The Medical Mile is only one dazzling piece of the Arkansas River Trail. Making a fourteen mile loop with an additional ten mile extension to Pinnacle Mountain State Park, the trail will eventually connect with the 225-mile Ouachita Wilderness trail. In the words of Mayor Jim Dailey."Over 24 key tourism destinations, including 5,000+ acres of federal, state, and local parkland will be connected by the trail. Developers use the trail's proximity to sell high-rise condominiums, housing and commercial developments. From the perspective of the City of Little Rock, the trail is an economic, health, and environmental conservation stimulator."
Innovative "Medical Mile" hailed by national trails leaders
From the City of Little Rock, Arkansas
"As I travel the country, I tell everyone that Little Rock is a cradle of innovation with healthcare and recreation partnerships," said Diana Allen of the National Park Service River Trails and Conservation Assistance Program.
Ms. Allen made the remarks at the dedication of the Medical Mile section of the Arkansas River Trail. The $2.1 million Medical Mile starts at St. Vincent Plaza in the River Market section of Riverfront Park and extends westward through the park.
Joining Ms. Allen in the ceremony were Jeff Ciabotti of the Rails to Trails Conservancy; Pam Gluck of American Trails; Little Rock Mayor Jim Dailey; and Drs. Lynn Davis, Eleanor Kennedy, and Robert Lambert of Heart Clinic of Arkansas.
Mayor Dailey paid special tribute to the physicians and staff of Heart Clinic of Arkansas:
"When these physicians agreed to help raise money for this project, they made a two year commitment. That was more than three years ago. The excitement within the healthcare community has been so to use a medical term contagious, that the project has grown beyond its original scope. I am grateful to Lynn, Eleanor, and Rob for their continued dedication to this endeavor. I also want to thank Marcia Atkinson, Heart Clinic administrator for all of her work."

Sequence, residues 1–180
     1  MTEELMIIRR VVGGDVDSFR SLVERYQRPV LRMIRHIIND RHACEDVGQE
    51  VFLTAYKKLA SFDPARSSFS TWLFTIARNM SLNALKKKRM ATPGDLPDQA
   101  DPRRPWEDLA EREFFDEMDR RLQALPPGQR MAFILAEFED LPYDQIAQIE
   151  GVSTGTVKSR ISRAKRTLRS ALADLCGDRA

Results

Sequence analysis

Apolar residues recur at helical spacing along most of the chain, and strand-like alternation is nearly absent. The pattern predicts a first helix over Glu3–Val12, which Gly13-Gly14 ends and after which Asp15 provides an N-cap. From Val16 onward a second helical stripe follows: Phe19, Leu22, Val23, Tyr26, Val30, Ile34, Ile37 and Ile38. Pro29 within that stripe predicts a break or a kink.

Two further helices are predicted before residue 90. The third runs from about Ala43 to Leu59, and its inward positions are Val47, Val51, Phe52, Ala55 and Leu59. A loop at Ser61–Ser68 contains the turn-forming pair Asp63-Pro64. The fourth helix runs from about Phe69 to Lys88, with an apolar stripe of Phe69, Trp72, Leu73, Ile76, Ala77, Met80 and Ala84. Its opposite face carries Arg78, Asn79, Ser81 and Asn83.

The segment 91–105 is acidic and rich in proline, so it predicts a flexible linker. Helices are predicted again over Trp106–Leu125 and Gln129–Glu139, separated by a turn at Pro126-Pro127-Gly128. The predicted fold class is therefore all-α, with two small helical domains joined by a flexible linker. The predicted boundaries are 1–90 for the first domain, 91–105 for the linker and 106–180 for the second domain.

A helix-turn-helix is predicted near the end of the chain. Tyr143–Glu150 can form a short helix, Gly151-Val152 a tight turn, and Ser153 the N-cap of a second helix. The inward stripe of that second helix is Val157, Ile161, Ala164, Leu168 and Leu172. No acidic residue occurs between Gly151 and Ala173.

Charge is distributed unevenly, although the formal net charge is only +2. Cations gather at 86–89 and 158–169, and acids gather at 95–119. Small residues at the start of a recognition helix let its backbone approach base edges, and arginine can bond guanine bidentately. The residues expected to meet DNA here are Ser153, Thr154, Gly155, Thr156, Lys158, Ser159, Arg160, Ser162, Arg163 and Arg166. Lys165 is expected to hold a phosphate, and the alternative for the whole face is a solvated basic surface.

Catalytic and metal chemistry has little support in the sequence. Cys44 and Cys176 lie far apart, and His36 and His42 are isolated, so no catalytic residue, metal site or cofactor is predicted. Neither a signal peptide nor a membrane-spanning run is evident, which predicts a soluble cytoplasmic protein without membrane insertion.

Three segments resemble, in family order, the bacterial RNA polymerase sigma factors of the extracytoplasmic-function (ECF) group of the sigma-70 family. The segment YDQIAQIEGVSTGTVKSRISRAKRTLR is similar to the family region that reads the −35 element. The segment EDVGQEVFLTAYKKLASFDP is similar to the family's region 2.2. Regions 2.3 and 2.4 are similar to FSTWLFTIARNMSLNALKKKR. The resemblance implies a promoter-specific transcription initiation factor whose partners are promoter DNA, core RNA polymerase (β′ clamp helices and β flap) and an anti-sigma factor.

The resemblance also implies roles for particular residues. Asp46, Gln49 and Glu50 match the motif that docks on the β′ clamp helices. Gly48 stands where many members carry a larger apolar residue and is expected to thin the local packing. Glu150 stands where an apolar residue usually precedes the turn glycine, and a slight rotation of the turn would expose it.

"The Medical Mile is a tangible way for the healthcare community to enable citizens to make wellness oriented lifestyle changes," said Dr. Lambert. "We see too many patients who need our assistance because of their lifestyle, not because of factors beyond their control. That is why my colleagues and I decided to become involved. We did not set out to be innovators in getting the healthcare community involved in recreation from a public health standpoint. We simply saw an opportunity for action."
According to Terry Eastin, the coordinator for the Arkansas River Trail, "The Medical Mile is an outdoor linear health museum that uses a variety of artistic and architectural expressions to promote the health benefits of physical activity, and other wellness themes." The artwork was created by Debra Moseley Lord, and the contractor was Bell-Corley Construction.
"Even before we had this dedication, the Medical Mile is accomplishing its mission. Every day of the week, from morning to evening you can see people walking, jogging, running, and biking along this stretch of park," said Mayor Dailey. "Each step they take is a step towards a healthy future for themselves, for Little Rock, and for the state of Arkansas."
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Updated June 17, 2015